Summer Hiking Underquilt – Stage 1

For my lighter, thinner, less bulky summer underquilt for my hammock, First stage was figuring out what it would look like at the end.

Before we begin – if you don’t know what an underquilt is: An underquilt is like half a sleeping bag that hangs outside your hammock. Why outside? Because when you lay down on a sleeping bag it compresses to nothing, offering little to no insulation value on the part directly under you. So the best way to maintain the insulation’s “loft” (puffy heat catching goodness) is to hang it outside your hammock, tight against you. Hammock hangers often use two quilts. One underquilt outside on the bottom, and a top quilt on top of them, inside the hammock. Imagine cutting a sleeping bag in half, sticking half under you and half on top, with a hammock in the middle. This gives you all the coverage of a sleeping bag, without the extra weight of carrying both a sleeping bag AND an underquilt. You could use an underquilt and a sleeping bag together, it’s just more stuff to stick in the pack.

The last quilt I made, I built with green M50 fabric, a very light fabric (half an ounce per square yard – It was like working with a garbage bag made of fabric). This time, though, I decided to go with HyperD ripstop from Hyper D is a semi-breathable fabric with little diamond shaped ripstop patterns in it. I’ve made a hammock chair with it, and it’s amazing what it will support. Its very light and strong.

The insulation was the big part. I wanted an under quilt for the summer mainly for wind protection. You lose a lot of heat through a hammock, and a 70 degree night with a little wind can get chilly under you. I went back and forth for a bit but finally decided on 2.5 ounce ClimaShield, a puffy synthetic insulation commonly used in jackets and gloves, in various thicknesses. The 2.5oz insulation weighs 2.5 ounces per square yard (of course) and is about 1/2″ thick. This thin insulation along with the wind-blocking fabric should be just what I need for slightly chilly summer nights.

I placed my order and waited the required three days (RBTR is in NC, so it gets here pretty quick). I found a big box on the steps that seemed to have nothing in it. I took it inside and carefully unpacked my stuff. I had purchased 6 yards of crimson 1 ounce HyperD, and 3 yards of Climashield, as well as one 25 foot section of 1/8″ shock cord, and one pack of small cord locks.

Following the Kick-Ass Quilts pattern, I laid everything out and used my tape measure and T-Square, and cut two sections of hyperD 95″ long. HyperD stretches a little, so I left some extra to play with. When it’s done, the underquilt should be right about 90″ long. I was left with a two foot wide section of scrap, which I will use to make the carrying sack for the quilt. I cut the Climashield at 95 inches, leaving a section about 1.5 feet wide. I’m going to use that piece to double up right where the torso goes, since “Cold Butt Syndrome” is a common hammock issue.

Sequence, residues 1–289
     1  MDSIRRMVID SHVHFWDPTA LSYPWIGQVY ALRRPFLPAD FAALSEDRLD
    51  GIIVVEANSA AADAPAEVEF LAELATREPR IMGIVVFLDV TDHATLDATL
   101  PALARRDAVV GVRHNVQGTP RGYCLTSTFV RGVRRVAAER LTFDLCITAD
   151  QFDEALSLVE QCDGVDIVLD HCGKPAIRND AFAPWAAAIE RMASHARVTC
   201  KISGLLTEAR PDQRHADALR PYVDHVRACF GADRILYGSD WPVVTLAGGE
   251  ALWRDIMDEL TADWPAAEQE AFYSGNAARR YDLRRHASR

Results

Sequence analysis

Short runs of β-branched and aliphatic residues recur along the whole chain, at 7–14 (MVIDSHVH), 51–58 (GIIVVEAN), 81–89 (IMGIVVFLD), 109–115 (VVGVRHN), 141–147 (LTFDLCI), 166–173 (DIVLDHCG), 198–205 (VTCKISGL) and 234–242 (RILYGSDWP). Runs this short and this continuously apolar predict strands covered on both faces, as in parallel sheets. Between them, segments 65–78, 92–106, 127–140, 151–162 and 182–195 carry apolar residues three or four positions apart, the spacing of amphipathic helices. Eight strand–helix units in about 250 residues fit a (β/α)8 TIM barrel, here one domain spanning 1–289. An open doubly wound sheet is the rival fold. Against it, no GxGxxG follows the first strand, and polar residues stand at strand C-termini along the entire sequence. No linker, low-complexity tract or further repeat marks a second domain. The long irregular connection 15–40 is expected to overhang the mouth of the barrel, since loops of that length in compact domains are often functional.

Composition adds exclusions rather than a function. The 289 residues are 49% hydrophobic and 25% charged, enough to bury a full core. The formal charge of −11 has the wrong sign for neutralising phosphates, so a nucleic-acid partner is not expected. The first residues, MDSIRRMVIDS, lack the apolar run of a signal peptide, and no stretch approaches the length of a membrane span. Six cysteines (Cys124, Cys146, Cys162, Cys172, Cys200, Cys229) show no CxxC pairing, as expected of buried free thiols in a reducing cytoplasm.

Yes, that’s duct tape holding my fabric in place. I cut the fabric with Pinking Shears (the scissors that look like alligator teeth from the side) to keep frayed edges down to a minimum, and because my good straight scissors keep disappearing.


Climashield is “continuous filament fiber”, which means one string, back and forth. It requires little to no quilting, so basically I make a sandwich with the White stuff between the Red stuff, sew the edges and I’m done.

But wait – there’s more. Since I like tie-dye stuff, I decided to go ahead and tie-dye my gear. I purchased a bottle of navy blue RIT dye, mixed it with water and vinegar, heated it up, and dumped it in a ziplock bag with my tied-up red fabric. I hope it does a good job, its always difficult to tell what it will look like when it comes out. Especially since the fabric has a mild water-resistant coating. This is an extra step which is going to add a little time to the process, but I’m not in a rush, I have 2 weeks or so before my next trip. The sewing is tedious but not overly complex.

So, now I have to wait for the dye job to finish, dry everything, and start thinking about carefully cutting my fabric panels.


Update 08-04-16 10pm

The wife and daughter have commandeered the den to watch Big Brother, so no pics right now, but I have to say the tie-dye came out AWESOME, as far as nylon goes.


Author: theosus1

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